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M274 Mechanical Mule.

[picture of two M274-A2 mechanical Mule 4x4 jpeg]
Two Mule M274-A2's

The first production four wheel drive Mechanical Mule, the M274-A1, had a magnesium (!) bed and axle housings with a four cylinder engine, four wheel drive and four wheel steering.

[picture of 3 Mechanical Mule 4x4, 2 x M274-A2 1 x M274-A5 jpg] The later M274-A2 had a magnesium bed and axle housings, four wheel drive, four wheel steering and a two cylinder engine. The M274-A3 model was a limited run, similar to the M274-A2 but with cheaper parts. The M274-A4, is equivalent to a M274-A1 with a two cylinder engine. The current model, the M274-A5, with some still in government inventory, has an aluminium bed and axle housings, with four wheel drive and two wheel steering. Later variants had optional extras such as electric starters, fording kits, wide wheels and fender kits.

[picture of M274 Mechanical Mule 4x4 on the beach jpg]
The Mule is one sophisticated four wheel drive, having portal axles just like the Haflinger, Hummer, Pinzgauer and Unimog.

Note the operation of the four wheel steering in the picture taken at the beach (left).

[picture of M274 Mechanical Mule 4x4 at the super market jpg]

Al Filipeli has owned three Mules since 1974, all M274-A2's, "the best ones". His Mule is street legal and is used to drive around the neighbourhood, to go down to the local store (it must turn a few heads), and to go on four wheel drive trips. He swears by its abilities against Hummers, Jeeps and dirt bikes, being able to stop on 60% slopes and take off again without difficulty.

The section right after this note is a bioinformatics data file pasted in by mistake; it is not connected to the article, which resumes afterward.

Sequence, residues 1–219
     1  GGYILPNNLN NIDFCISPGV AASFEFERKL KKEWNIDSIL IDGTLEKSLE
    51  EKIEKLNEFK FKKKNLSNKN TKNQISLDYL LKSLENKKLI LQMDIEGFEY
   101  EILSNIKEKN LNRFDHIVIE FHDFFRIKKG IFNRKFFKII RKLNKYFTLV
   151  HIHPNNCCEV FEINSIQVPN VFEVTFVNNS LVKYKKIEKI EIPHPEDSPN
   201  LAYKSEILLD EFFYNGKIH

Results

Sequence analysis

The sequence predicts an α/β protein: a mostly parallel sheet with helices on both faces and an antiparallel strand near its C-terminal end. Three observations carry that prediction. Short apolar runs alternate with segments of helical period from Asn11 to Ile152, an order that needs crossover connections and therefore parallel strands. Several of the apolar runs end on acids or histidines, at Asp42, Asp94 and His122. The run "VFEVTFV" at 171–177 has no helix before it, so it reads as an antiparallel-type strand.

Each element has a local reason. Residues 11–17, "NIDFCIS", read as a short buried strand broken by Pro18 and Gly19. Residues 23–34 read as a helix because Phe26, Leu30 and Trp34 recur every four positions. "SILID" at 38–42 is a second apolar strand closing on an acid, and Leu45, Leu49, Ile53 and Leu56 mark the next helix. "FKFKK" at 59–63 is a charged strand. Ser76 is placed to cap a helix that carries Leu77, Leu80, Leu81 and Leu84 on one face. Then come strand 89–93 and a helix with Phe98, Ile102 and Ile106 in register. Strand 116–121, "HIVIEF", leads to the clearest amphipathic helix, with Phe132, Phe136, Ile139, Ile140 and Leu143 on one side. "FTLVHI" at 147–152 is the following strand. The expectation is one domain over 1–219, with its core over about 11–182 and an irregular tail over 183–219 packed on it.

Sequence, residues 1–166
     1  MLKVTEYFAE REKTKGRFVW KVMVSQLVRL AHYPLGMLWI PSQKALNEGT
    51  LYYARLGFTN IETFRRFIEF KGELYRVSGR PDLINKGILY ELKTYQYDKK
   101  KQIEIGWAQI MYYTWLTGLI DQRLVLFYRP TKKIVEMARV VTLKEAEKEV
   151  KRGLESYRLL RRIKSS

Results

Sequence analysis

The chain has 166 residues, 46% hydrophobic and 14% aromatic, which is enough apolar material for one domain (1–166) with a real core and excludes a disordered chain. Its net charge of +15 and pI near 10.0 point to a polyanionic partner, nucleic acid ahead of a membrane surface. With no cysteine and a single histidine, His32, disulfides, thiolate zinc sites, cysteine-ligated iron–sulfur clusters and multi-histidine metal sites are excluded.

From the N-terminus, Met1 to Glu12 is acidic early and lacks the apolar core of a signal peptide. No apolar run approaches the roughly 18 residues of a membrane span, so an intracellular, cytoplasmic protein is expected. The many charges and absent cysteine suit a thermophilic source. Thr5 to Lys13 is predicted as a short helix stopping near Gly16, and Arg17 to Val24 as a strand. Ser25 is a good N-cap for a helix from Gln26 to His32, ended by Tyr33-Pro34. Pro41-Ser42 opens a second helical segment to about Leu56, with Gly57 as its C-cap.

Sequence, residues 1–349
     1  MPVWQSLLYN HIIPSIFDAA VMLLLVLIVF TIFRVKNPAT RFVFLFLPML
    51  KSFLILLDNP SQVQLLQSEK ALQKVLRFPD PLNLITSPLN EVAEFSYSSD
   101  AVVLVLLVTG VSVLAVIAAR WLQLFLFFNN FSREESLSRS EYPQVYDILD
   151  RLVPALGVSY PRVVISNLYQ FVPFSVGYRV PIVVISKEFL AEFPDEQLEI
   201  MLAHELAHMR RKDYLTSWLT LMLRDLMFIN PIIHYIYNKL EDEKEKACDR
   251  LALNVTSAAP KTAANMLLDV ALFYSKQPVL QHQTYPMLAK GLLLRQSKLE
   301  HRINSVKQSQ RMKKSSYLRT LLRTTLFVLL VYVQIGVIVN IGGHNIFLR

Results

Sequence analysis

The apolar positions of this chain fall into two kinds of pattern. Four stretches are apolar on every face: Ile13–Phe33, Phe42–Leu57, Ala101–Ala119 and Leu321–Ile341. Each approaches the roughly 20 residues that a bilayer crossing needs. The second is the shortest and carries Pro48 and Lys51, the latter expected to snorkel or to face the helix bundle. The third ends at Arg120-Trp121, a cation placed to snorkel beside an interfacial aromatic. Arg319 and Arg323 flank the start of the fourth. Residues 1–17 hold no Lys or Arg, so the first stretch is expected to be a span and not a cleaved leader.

Al is an independent location finder in California and the photograph at the top of the page was taken near Edward's Air Force base where he often takes pictures of Space Shuttle landings. The base is to the left, Death Valley to the right rear, and area 51 to the extreme right.

The Mule weighs only 860 pounds so a strong person can set it on its side, and that's how the army stores them. It can carry half a ton. A spare wheel is not standard - the manual says to put a flat on the front right corner, move all the weight off that corner and run on the three good tyres.

- Uncle Al Filipeli-->

[picture of Mechanical Mule M274 4x4 jpeg]

This M274 (right) was photographed at the Packenham Military Vehicles Museum and shows the portal axles and lack of suspension, other than the low pressure balloon tyres. The steering column and steering wheel fold flat, both for transport purposes, and so that the Mule can be controlled by a soldier walking or crouching behind it if necessary.

Prototypes were produced between 1953 and 1956. Production started at Willys, later moving to Bayfield (1965), and Brunswick Corporation (1970).

- L. A11ison

Go to the Military Vehicles page


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